The Next Great Threat: 5 Ways to Battle Inflation

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As the U.S. deals with one pernicious threat, another one looms: Inflation.

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Consumer prices, led by food and energy increases, are the highest they’ve been in two and a half years.

Forecasts can be distracting, so you need to avert your eyes from the headlines. Yes, I know gold hit $1,500 an ounce, silver hit $50 and the dollar was headed for the dungeon, but there’s a household impact you need to gauge first.

Depending upon whom you track, inflation is either on a huge upsurge or will be mild this year. The Leuthold Group sees consumer price hikes ranging from 3.5% to up to 8% this year. Those who savor metals and commodities see an even higher surge.

I’m not in the camp that thinks there’s going to be hyper-inflation (10%-plus) or even stagflation (higher prices, no economic growth). For the short term, at least, inflation may be under 3%. Yet even that modest rise in prices is something you should – and can – guard against.

The market sentiment on U.S. inflation is about a 2.6% increase in consumer prices. That’s the approximate spread between U.S. Treasury Bills and Treasury Inflation-Protected Securities (TIPS) maturing in 2021.

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Let’s get personal about inflation first: If your income, housing, medical or transportation costs are directly driven by inflation, you need to pay close attention to price increases. You don’t want to be blindsided and lose purchasing power.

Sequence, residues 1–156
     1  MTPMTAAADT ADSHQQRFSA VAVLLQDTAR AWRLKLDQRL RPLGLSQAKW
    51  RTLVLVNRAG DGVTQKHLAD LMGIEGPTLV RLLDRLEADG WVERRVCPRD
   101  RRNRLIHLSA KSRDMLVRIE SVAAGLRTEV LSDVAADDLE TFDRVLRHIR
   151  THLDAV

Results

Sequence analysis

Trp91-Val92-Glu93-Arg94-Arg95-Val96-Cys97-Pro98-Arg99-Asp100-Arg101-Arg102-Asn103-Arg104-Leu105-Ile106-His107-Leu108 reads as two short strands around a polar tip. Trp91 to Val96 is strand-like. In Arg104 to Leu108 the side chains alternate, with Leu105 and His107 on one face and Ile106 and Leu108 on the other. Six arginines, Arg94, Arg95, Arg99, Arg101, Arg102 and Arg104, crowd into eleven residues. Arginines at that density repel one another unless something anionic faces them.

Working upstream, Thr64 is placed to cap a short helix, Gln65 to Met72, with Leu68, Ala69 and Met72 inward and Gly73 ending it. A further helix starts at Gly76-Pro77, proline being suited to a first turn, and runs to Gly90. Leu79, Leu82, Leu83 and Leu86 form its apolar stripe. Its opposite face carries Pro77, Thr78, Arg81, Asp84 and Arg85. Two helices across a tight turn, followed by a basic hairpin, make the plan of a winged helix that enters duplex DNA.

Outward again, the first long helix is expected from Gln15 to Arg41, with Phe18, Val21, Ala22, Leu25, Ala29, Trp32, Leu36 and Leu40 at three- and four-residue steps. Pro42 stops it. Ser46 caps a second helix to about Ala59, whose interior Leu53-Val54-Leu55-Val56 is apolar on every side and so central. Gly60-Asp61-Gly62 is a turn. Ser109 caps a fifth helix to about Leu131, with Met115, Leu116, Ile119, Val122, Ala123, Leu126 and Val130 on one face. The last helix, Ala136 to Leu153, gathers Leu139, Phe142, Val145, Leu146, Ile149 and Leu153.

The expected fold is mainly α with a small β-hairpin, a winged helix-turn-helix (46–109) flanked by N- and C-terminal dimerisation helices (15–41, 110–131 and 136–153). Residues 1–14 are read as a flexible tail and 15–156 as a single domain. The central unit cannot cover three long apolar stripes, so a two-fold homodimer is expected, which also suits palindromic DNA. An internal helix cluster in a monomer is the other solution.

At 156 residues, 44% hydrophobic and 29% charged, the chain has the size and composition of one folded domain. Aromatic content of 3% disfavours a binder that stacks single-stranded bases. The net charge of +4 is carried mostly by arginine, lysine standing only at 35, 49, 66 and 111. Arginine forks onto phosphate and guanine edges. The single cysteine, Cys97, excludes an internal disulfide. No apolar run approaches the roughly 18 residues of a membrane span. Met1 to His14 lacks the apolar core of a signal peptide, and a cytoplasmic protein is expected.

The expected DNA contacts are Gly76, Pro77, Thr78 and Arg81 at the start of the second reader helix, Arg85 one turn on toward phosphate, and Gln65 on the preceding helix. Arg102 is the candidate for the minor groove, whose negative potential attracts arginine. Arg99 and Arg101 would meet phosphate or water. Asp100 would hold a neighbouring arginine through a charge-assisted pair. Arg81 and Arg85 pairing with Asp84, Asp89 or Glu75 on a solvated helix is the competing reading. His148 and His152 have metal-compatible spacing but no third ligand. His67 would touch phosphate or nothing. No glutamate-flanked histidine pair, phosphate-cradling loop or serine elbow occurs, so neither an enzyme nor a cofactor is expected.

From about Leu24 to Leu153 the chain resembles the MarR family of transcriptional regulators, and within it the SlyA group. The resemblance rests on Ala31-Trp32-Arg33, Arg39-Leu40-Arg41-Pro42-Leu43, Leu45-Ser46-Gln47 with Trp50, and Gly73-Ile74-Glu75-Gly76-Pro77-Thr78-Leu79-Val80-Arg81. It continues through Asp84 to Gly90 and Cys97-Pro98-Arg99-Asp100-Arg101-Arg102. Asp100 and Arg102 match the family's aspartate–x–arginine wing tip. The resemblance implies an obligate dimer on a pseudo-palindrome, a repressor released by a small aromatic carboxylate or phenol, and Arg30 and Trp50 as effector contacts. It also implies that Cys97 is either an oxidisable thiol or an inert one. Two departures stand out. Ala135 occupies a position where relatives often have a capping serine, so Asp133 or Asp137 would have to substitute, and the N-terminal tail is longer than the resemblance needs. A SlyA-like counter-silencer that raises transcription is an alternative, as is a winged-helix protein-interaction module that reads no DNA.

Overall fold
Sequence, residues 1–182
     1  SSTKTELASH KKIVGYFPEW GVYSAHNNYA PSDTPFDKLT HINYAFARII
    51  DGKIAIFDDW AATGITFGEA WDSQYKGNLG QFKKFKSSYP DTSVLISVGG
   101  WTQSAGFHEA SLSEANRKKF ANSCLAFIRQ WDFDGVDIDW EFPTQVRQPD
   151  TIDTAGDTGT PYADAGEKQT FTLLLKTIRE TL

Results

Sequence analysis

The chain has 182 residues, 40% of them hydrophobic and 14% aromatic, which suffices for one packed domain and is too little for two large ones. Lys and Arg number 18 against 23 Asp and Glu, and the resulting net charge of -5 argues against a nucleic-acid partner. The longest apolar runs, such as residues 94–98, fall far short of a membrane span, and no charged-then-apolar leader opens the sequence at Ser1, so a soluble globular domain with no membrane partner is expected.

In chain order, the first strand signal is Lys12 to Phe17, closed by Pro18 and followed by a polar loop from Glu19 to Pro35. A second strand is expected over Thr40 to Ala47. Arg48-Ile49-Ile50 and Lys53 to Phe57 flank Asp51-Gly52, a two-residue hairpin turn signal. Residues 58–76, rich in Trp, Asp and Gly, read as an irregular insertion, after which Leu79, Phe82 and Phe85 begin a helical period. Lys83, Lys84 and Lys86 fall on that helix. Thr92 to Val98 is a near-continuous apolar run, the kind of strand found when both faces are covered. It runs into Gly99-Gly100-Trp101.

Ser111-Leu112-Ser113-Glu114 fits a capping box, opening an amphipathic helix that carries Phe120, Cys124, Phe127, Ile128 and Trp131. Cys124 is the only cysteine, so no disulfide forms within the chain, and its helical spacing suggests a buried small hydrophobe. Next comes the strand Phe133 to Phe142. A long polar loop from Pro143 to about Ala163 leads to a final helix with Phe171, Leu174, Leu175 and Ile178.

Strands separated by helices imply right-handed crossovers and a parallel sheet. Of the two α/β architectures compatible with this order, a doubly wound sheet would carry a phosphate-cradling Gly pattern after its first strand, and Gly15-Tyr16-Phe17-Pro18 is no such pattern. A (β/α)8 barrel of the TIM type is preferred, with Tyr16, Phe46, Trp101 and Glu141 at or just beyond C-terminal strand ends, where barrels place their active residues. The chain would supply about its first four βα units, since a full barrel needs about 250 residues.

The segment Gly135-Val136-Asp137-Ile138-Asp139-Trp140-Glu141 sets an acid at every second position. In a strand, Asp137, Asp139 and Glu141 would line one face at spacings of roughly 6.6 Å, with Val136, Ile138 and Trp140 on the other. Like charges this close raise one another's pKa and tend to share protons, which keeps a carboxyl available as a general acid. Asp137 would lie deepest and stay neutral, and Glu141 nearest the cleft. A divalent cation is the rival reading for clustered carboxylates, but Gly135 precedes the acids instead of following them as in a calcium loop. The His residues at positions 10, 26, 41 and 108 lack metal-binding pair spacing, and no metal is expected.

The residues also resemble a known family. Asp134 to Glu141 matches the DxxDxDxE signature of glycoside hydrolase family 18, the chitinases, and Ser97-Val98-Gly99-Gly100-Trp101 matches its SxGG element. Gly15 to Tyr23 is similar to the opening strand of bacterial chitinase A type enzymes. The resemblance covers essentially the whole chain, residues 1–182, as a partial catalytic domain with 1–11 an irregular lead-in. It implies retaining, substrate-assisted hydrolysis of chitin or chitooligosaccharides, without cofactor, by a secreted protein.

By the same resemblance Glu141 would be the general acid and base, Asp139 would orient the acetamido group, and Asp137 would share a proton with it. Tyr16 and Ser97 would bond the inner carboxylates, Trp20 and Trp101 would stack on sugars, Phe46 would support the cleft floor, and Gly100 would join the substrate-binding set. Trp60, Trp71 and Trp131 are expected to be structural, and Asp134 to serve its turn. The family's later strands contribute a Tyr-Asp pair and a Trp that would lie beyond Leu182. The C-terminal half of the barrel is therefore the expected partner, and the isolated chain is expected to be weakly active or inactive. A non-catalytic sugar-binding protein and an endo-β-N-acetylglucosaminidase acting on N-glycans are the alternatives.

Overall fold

Shorten your bond maturities.

You don’t want to be in a long-term bond mutual fund if rates rise – you’ll lose principal. You can either switch to a short- or intermediate-term bond fund or offset interest-rate risk by buying TIPS. The Vanguard Inflation-Protected Securities Fund is a good choice. The iShares Barclays 1-3 Year Credit Bond fund invests in short-term bonds.

Profit from bank rate rises.

Don’t let rate increases punish your bond portfolio. Floating-rate mutual funds invests in bank loans that reset rates on a regular basis. The ING Floating Rate Fund tracks these loans.
Metals are attractive, but commodity funds are better.

Precious metals are attractive during times when inflation is high or anticipated to be high. But don’t concentrate too much money in popular funds like the SPDR Gold Shares exchange-traded fund. You don’t want to be caught in another bubble. Invest in a broad selection of commodities from grains to copper. The Powershares DB Commodity Index Tracking Fund is a more diversified choice.
Don’t forget foreign stock dividends.

As a portion of corporate earnings paid to shareholders, dividends are accounting for a larger share of stock returns. Over the past decade, dividends comprised more than 70% of the compounded annual growth of international stocks, according Standard & Poor’s. While dividends don’t track inflation directly, they can help you keep up with rising prices. The SPDR S&P International Dividend ETF is a good way of tracking these payouts.

Sweat the small stuff.

You can track higher savings returns by shopping around. I recently found a certificate of deposit that yielded 50% more than my local bank by checking sites such as www.bankrate.com. Even Google can find you better rates. You can also save some money by finding local gasoline stations with the lowest pump price. You name it – insurance, consumer goods, mutual funds – any number of online tools will help you find the lowest-cost product.

If you rely upon the government to track inflation for you, you’re going to be misled. Only you know how much inflation impacts your family and portfolio. Forget about the headlines and concentrate on your bottom line.

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